“So I guess you’re pretty lucky Harry didn’t cancel his Clarion subscription, huh?” He couldn’t fight the bitterness now, but it came this time from his own genuine pain - instead of the petty desire to inflict hurt back upon her. “Otherwise I might have been under the impression we were still together!”
“We’re ‘not as close’ as we used to be, or something? I don’t know, I didn’t memorise it, it was just a lousy article,” Ron lied. “But it made it clear, didn’t it? Since you couldn’t tell me face to face?”
He could almost hear her jaw drop. “Couldn’t tell you face to face? What do you think the past three months have been about, Ron? Though I guess that’s the point, isn’t it, you don’t listen!”
Ron didn’t stop. The anger made progress easier, became something to burn away in the climb other than energy. “Well, now I got the point! Loud and clear! Along with half of Britain! Happy now?”
“Of course not.” Her voice was treacherously quiet, like it was when she was really upset, upset beyond her own anger, and he had to fight the instinct to look at her - to reach out for her, to comfort her. “You think that this is what I wanted? That after all we’ve been through, I wanted it to end like this?”
He didn’t answer, just kept peering up the hillside, as if through the gloomy skies and whipping wind he could find something to get him out of this situation.
“...but I didn’t mean the article to be a... a surprise,” she said, and to his astonishment he found himself wishing she would stop talking. It wasn’t as if she was going to say anything that would change their circumstances. “I didn’t mean that, I really didn’t. Ron, I’m... sorry.”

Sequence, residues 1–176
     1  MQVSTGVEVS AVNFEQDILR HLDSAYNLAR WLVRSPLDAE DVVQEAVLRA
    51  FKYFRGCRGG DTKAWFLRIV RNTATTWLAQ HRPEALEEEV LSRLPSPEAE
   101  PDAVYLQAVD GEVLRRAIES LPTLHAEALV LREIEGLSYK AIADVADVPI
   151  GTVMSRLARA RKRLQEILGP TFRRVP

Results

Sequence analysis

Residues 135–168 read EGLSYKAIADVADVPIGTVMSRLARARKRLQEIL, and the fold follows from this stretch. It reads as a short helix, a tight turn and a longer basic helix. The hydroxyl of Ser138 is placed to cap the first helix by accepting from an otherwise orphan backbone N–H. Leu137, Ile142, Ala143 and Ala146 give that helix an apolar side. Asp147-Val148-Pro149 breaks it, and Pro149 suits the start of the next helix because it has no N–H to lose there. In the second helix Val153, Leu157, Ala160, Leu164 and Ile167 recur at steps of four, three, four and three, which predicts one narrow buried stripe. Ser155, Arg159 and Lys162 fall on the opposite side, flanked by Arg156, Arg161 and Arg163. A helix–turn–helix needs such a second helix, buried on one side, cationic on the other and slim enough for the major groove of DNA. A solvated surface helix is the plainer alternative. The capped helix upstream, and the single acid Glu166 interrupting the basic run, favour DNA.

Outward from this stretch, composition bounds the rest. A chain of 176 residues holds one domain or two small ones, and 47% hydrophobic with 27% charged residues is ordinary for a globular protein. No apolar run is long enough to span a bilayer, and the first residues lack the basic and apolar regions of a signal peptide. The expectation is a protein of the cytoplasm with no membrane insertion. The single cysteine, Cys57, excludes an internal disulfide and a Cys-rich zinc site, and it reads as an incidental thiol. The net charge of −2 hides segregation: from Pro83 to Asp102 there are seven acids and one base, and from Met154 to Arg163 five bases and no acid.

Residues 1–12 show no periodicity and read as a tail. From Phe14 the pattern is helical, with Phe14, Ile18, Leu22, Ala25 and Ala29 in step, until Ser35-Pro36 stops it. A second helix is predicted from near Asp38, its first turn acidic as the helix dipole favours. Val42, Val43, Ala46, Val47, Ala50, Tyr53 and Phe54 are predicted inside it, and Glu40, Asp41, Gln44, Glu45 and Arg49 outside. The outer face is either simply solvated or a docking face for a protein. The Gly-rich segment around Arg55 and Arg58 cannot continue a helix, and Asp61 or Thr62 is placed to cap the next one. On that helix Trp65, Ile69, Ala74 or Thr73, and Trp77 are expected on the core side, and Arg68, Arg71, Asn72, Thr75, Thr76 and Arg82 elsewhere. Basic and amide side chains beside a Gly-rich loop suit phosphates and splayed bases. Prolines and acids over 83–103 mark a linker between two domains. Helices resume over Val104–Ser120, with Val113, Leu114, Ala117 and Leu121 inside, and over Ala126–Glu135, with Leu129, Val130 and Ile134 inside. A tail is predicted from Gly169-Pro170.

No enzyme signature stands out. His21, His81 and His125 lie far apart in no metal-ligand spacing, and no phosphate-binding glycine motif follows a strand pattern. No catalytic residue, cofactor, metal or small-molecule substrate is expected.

That did stop him; usually he was the one in that position, and to hear her giving an apology when he felt he damn well deserved one was enough to make him hesitate.
But he had been right. It didn’t really change anything.
Then he spotted the heavy stone at the top of the next rise. “...I think we’re almost there.”
She was beside him, all words abandoned, for which he could only be grateful. He didn’t want to wonder whether this was her trying to forget it all, or if she really was that distracted. “That looks like it.”
“When did you do this?” He picked up the pace again, a surge of energy found now he was so close to the end. “And why couldn’t we just apparate in?”
“Three months after Voldemort died,” she said. “You were helping George out at the time... we didn’t keep it a secret because we didn’t want you to know, it just seemed like such an inconsequential thing when -”
“Can you do me a favour? Just one?” Ron lifted a finger. “Cut out the justifications and apologies. Just answer my questions.”
She flinched guiltily. “I warded up the immediate area. We couldn’t apparate there directly, and I did what I could to make it tough to apparate in close; I couldn’t guarantee we wouldn’t be splinched. That’s why we had to hike in. I tried to make the place as secure as possible, but don’t worry; I can get through my own protection wards now I’m here.”
They reached the top of the rise, and Ron could see the outcropping of rock wasn’t just slabs of huge, heavy stone - it was a natural archway and, beyond it, he could see the darkness of a cavernous passageway working into the depths of the ridge.
He frowned. “Did you make this?”
“It was here when we found it - or, when we went looking for it. Gryffindor hid out here for two days while evading the hunt. The way the legends recorded the event made me think there might have been some natural magic in the area that he used to hide himself. I think I was right.” Hermione drew her wand. “Let me go first.”
Ron drew his own and took the flanking position he usually assumed for Harry in the field. “Is there anything I should keep an eye out for?”
Hermione pursed her lips as she paused at the entrance to the cave. “Movement.”
Ron scowled. “Should there be something moving out here?”
“Lumos.” She lifted her wand instead of talking, to show the cavernous passageway carrying on deeper than the light could show. “I’ll need to deactivate these wards so we can pass.”